The words—these hot tears, in Lear's next speech, may seem to authorize the amendment; but the present reading is right. It is a more severe imprecation to wish, that tears by constant flowing may fret channels in the cheeks, which implies a long life of wretchedness, than to wish that those channels should be made by scalding tears, which does not mark the same continuation of misery. The same thought occurs in Troilus and Cressida, Act V, sc. iii :

" Not Priamus and Hecuba on knees,

“ Their eyes o'er-galled with recourse of tears,” should prevent his going to the field. M. Mason. 2 Turn all her mother's pains, and benefits,

To laughter and contempt;] “ Her mother's pains" here signifies, not bodily sufferings, or the throes of child-birih, (with which this “ disnatured babe” being unacquainted, it could not deride or despise them) but maternal cares; the solicitude of a mother for the welfare of her child. So, in king Richard III:

“ "Tis time to speak; my pains are quite forgot." Benefits mean good offices; her kind and beneficent attention to the education of her offspring, &c. Mr. Roderick has, in my opinion, explained both these words wrong. He is equally mistaken in supposing that the sex of this child is ascertained by the word her; which clearly relates, not to Goneril's issue, but to herself. “ Her mother's pains" means--the pains which she (Goneril) takes as a mother. Malone.

Gon. Never afflict yourself to know the cause ;
But let his disposition have that scope
That dotage gives it.

Re-enter LEAR.
Lear. What, fifty of my followers, at a clap!
Within a fortnight?
Alb.

What's the matter, sir?
Lear. I'll tell thee ;-Life and death! I am asham'd
That thou hast power to shake my manhood thus:

[To Gox. That these hot tears,3 which break from me perforce, Should make thee worth them.-Blasts and fogs upon

thee!
The untented woundings4 of a father's curse
Pierce every sense about thee!-Old fond eyes,
Beweep this cause again, I 'll pluck you out;
And cast you, with the waters that you lose,5
To temper clay.-Ha! is it come to this?
Let it be so :6_Yet have I left a daughter,
Who, I am sure, is kind and comfortable;
When she shall hear this of thee, with her nails
She 'll flay thy wolfish visage. Thou shalt find,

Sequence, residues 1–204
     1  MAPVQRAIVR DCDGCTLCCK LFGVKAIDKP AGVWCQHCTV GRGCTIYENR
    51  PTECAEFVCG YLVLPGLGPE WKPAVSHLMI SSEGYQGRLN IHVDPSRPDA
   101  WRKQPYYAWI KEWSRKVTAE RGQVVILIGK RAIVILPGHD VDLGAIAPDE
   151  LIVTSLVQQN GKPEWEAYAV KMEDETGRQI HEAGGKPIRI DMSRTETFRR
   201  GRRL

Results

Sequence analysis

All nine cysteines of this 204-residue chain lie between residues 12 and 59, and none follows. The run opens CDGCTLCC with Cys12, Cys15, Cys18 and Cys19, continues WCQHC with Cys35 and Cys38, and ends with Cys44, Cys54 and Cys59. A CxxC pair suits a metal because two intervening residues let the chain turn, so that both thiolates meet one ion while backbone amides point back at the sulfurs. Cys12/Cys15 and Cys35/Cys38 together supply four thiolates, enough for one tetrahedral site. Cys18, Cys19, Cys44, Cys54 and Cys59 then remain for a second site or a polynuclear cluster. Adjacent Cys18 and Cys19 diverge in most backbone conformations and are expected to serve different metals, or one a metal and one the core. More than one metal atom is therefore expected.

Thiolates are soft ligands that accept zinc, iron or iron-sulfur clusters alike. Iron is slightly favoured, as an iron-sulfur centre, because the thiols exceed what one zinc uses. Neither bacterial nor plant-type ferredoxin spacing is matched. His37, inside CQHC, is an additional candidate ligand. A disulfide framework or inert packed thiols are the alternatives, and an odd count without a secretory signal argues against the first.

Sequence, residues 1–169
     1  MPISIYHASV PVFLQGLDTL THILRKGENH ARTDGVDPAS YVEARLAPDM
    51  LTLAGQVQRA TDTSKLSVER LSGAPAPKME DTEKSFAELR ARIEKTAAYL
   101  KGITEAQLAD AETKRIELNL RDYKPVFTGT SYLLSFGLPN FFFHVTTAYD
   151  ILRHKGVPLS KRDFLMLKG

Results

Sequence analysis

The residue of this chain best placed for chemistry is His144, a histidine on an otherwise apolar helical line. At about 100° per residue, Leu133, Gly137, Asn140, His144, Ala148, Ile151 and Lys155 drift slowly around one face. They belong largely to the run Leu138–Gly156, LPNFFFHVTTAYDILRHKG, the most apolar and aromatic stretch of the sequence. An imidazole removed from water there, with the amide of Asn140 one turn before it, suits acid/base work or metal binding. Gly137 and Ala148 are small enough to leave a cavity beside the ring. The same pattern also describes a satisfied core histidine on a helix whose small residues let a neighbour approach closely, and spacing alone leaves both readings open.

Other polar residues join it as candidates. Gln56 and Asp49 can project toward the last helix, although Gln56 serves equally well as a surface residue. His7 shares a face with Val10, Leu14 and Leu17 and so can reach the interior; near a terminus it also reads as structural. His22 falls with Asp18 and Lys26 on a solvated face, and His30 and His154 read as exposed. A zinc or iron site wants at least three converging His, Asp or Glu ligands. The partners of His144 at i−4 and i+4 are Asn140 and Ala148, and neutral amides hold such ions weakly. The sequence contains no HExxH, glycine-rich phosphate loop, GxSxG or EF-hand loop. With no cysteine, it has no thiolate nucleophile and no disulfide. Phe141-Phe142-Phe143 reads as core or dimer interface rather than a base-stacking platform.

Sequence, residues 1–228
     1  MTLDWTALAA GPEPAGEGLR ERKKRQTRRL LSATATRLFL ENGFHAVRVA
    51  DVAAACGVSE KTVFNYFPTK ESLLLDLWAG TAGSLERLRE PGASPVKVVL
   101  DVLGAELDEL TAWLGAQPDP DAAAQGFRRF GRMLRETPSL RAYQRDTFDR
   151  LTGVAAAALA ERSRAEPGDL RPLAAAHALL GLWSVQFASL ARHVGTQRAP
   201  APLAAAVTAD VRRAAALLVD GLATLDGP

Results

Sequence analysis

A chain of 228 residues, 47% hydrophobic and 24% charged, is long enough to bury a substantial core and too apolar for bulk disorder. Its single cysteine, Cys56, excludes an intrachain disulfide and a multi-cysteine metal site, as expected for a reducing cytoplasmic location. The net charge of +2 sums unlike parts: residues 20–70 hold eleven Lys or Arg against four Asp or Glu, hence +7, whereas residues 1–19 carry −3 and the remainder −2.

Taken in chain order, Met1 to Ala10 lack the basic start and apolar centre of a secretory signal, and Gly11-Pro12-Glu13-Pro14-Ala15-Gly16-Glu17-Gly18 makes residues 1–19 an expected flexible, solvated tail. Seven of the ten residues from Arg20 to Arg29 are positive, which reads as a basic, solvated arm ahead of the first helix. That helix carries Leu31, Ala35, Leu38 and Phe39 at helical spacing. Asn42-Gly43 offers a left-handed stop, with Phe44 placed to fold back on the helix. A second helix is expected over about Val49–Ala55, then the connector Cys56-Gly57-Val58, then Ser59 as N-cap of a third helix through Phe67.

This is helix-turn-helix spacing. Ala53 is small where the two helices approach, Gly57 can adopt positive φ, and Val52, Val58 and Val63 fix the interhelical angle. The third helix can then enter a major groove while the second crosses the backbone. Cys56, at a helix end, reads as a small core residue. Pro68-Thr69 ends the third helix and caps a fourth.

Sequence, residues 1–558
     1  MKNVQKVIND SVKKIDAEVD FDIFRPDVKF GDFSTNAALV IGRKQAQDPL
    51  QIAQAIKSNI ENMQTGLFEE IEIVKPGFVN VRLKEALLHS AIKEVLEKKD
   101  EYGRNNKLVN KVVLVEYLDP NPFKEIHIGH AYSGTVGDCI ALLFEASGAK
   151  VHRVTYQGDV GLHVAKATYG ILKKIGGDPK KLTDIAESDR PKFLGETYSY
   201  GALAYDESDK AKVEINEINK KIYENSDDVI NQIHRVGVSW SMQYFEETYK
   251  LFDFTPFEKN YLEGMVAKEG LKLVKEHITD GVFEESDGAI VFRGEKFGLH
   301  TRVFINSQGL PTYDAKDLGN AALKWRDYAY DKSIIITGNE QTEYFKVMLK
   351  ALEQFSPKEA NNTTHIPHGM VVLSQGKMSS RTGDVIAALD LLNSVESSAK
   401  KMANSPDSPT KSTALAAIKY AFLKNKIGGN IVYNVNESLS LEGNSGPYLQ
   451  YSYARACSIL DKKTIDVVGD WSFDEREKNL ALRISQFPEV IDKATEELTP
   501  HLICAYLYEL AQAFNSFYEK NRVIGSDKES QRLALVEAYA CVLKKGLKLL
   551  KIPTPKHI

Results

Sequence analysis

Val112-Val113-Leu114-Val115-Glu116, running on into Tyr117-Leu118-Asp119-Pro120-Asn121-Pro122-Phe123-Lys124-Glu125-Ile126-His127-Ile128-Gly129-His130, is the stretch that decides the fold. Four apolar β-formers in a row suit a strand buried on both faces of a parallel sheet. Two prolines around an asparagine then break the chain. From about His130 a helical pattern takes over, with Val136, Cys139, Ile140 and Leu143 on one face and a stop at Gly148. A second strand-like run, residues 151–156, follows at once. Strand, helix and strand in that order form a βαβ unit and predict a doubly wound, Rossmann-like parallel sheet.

That I 'll resume the shape which thou dost think

3 That these hot tears, &c.] I will transcribe this passage from the first edition, that it may appear to those who are unacquainted with old books, what is the difficulty of revision, and what indulgence is due to those that endeavour to restore corrupted passages.— That these hot tears, that breake from me perforce, should make the worst blasts and fogs upon the untenler woundings of a father's curse, peruse every sense about the old fond eyes, beweep this cause again, &c. Fohnson.

4 The untented woundings ] Untented wounds, means wounds in their worst state, not having a tent in them to digest them; and may possibly signify here such as will not admit of having a tent put into them for that purpose. Our author quibbles on this practice in surgery, in Troilus and Cressida:

« Patr. Who keeps the tent now?

Ther. The surgeon's box, or the patient's wounud.One of the quartos reads, untender. Steevens.

that you lose,] The quartos read that you make. Steevens. 0 Let it be so:

&c.] The reading is here gleaned up, part from the first, and part from the second edition. Johnson.

Let it be so, is omitted in the quartos. Steevens.

And is it come to this is omitted in the folio. Yet have I left a daughter is the reading of the quartos; the folio has, I have another daugh. ter Malone.

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I have cast off for ever; thou shalt, I warrant thee.?

[Exeunt LEAR, KENT, and Attendanis. Gon. Do you mark that, my lord ?

Alb. I cannot be so partial, Goneril, To the great love I bear you, -

Gon. Pray you, content. What, Oswald, ho! You, sir, more knave than fool, after

your master.

[To the Fool. Fool. Nuncle Lear, nuncle Lear, tarry, and take the fool with thee.

A fox, when one has caught her,
And such a daughter,
Should sure to the slaughter,
If my cap would buy a halter;
So the fool follows after.

[Exit. *Gon. This man hath had good counsel :-A hundred

knights! ?Tis politick, and safe, to let him keep At point, a hundred knights. Yes, that on every dream, Each buz, each fancy, each complaint, dislike, He may enguard his dotage with their powers, And hold our lives in mercy. -Oswald, I say!

Alb. Well, you may fear too far.
Gon.

Safer than trust:2
Let me still take away the harms I fear,
Not fear still to be taken. I know his heart :
What he hath utter'd, I have writ my sister;
If she sustain him and his hundred knights,
When I have show'd the unfitness,* _How now, Oswald?3

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thou shalt, I warrant thee.] These words are omitted in the folio. Malone.

8 *Gon.] All from this asterisk to the next is omitted in the quartos. Steevens.

9 At point, ] I believe, means completely armed, and consequently ready at appointment or command on the slightest notice. Steevens.

1 And hold our lives in mercy.] Thus the old copies. Mr. Pope who could not endure that the language of Shakspeare's age should not correspond in every instance with that of modern times, reads—at mercy; and the subsequent editors have adopted his innovation.

Malone. 2 Safer than trust :) Here the old copies add-too far; as if these words were not implied in the answer of Goneril. The redundancy of the metre authorizes the present omission. Steevens.